Three years have passed since July 15, 2016, which started as a warm, calm, ordinary summer night, and then turned into hell and finally into victory. From time to time, I quote the story of the things I saw that night in my columns, but I have never written what I experienced. I've listened to hundreds of people's thrilling stories, the heroes of the night, the families of the martyrs and severely wounded Turks, and have tried to convey their stories to my readers. There were thousands of horrific details in the stories that reduced me to tears when I heard them. From Muğla to Cizre, Ankara to Istanbul, real life heroes were everywhere.
As a whole, July 15, 2016 was a story of overwhelming heroism that has changed the history of Turkey in the modern age. I haven't even considered my own story ever since then. Others spoke up and told me I had also accomplished great things, praise I didn't think I deserved. Nothing that happened that night, what I lived and witnessed, nor what I still feel, fit into a column, but today I will try to put it into words. After the evening prayer, Humanitarian Relief Foundation (IHH) President Bülent Yıldırım along with a few friends of ours met at a cafe near Vatan Boulevard in the Fatih district of Istanbul. We were chatting in the garden and drinking tea. One of our friends shared a tweet he saw with us: In front of Beylerbeyi Palace on the Anatolian side of Istanbul a group of soldiers had stopped police and took their guns.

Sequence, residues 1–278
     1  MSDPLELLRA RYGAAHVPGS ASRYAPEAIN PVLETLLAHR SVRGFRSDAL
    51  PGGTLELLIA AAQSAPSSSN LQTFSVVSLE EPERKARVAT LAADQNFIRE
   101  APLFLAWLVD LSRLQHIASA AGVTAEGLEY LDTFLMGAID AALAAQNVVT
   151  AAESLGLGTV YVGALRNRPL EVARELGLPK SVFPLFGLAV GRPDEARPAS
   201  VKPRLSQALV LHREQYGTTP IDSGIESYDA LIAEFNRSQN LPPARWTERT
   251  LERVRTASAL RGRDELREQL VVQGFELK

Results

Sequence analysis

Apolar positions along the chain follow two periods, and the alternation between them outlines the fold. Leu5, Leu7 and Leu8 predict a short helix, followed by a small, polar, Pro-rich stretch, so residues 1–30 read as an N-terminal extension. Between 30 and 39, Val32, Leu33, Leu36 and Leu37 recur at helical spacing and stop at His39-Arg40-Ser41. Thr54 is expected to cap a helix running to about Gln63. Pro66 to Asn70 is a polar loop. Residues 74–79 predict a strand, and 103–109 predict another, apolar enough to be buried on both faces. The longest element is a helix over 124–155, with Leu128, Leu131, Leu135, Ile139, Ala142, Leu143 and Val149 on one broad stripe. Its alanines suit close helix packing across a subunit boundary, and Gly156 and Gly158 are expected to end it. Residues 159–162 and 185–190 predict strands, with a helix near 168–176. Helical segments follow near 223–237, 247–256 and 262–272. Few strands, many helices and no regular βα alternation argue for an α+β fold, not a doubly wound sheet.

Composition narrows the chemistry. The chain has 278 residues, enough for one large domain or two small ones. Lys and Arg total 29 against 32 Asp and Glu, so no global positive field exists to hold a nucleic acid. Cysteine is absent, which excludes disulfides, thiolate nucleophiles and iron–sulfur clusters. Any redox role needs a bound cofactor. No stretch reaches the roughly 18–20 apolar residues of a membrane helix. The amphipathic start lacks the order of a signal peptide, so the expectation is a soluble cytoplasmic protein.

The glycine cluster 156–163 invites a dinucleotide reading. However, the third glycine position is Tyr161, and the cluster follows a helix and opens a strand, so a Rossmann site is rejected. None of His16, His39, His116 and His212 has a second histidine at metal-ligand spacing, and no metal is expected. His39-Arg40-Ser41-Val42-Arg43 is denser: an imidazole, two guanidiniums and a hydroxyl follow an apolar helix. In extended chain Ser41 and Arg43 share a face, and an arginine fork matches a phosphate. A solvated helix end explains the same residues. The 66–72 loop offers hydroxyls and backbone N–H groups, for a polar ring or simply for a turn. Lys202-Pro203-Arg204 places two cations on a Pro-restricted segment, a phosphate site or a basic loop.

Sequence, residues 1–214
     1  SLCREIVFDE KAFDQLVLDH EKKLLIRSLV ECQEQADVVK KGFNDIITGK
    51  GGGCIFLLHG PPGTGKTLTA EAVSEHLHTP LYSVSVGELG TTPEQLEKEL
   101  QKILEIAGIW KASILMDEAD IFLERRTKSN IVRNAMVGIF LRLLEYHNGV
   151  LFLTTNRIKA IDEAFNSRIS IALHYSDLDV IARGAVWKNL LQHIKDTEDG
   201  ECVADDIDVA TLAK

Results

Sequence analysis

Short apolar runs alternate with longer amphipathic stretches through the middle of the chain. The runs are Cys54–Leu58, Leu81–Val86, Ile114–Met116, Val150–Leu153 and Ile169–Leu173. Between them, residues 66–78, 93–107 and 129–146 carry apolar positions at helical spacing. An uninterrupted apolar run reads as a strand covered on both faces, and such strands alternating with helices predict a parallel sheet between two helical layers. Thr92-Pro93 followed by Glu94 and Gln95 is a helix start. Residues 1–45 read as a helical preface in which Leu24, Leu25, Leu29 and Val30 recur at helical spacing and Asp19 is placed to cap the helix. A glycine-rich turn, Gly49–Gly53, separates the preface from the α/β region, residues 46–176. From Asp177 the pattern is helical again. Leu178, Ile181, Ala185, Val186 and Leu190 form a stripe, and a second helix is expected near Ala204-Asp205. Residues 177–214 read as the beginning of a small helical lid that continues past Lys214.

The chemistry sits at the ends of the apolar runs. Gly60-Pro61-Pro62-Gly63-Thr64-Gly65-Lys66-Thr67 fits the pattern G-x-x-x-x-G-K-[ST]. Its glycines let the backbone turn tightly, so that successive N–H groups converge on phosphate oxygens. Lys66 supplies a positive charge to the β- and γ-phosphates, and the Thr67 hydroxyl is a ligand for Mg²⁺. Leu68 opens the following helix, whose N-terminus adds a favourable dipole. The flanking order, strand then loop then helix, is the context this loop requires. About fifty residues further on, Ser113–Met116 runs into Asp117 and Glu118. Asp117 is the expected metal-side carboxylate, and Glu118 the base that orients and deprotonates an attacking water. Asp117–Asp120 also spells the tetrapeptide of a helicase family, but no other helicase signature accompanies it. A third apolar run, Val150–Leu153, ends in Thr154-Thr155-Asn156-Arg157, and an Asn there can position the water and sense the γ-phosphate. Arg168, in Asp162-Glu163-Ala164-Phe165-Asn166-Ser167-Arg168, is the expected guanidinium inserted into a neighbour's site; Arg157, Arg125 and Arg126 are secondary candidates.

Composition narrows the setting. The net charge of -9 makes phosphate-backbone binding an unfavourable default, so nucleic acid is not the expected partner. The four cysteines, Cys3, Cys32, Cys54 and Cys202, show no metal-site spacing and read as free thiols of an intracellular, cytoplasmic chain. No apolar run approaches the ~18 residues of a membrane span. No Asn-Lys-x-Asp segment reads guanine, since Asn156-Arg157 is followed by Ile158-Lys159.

That was a very strange occurrence. I wrote on social media from my account and asked my followers if any other unexpected things were happening in Istanbul.